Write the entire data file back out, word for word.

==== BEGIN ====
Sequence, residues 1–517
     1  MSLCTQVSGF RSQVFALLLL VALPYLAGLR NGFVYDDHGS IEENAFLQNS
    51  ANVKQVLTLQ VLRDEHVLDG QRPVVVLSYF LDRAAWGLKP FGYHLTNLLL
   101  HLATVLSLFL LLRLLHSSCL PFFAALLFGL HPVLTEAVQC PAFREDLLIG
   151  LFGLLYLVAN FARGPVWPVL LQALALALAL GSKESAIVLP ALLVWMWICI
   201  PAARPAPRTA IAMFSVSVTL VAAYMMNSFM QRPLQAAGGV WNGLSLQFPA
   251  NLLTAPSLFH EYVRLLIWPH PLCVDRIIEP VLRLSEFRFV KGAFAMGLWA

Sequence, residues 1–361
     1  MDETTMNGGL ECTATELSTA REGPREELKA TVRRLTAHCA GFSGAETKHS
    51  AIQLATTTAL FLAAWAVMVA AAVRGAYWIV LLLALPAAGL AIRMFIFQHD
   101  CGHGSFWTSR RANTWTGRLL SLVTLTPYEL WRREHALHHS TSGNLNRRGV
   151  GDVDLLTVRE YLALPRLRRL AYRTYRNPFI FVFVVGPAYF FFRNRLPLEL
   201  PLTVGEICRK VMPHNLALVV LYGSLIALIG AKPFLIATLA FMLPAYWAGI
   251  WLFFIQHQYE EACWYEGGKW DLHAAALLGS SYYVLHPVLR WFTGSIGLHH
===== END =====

Sequence, residues 1–517
     1  MSLCTQVSGF RSQVFALLLL VALPYLAGLR NGFVYDDHGS IEENAFLQNS
    51  ANVKQVLTLQ VLRDEHVLDG QRPVVVLSYF LDRAAWGLKP FGYHLTNLLL
   101  HLATVLSLFL LLRLLHSSCL PFFAALLFGL HPVLTEAVQC PAFREDLLIG
   151  LFGLLYLVAN FARGPVWPVL LQALALALAL GSKESAIVLP ALLVWMWICI
   201  PAARPAPRTA IAMFSVSVTL VAAYMMNSFM QRPLQAAGGV WNGLSLQFPA
   251  NLLTAPSLFH EYVRLLIWPH PLCVDRIIEP VLRLSEFRFV KGAFAMGLWA

Sequence, residues 1–361
     1  MDETTMNGGL ECTATELSTA REGPREELKA TVRRLTAHCA GFSGAETKHS
    51  AIQLATTTAL FLAAWAVMVA AAVRGAYWIV LLLALPAAGL AIRMFIFQHD
   101  CGHGSFWTSR RANTWTGRLL SLVTLTPYEL WRREHALHHS TSGNLNRRGV
   151  GDVDLLTVRE YLALPRLRRL AYRTYRNPFI FVFVVGPAYF FFRNRLPLEL
   201  PLTVGEICRK VMPHNLALVV LYGSLIALIG AKPFLIATLA FMLPAYWAGI
   251  WLFFIQHQYE EACWYEGGKW DLHAAALLGS SYYVLHPVLR WFTGSIGLHH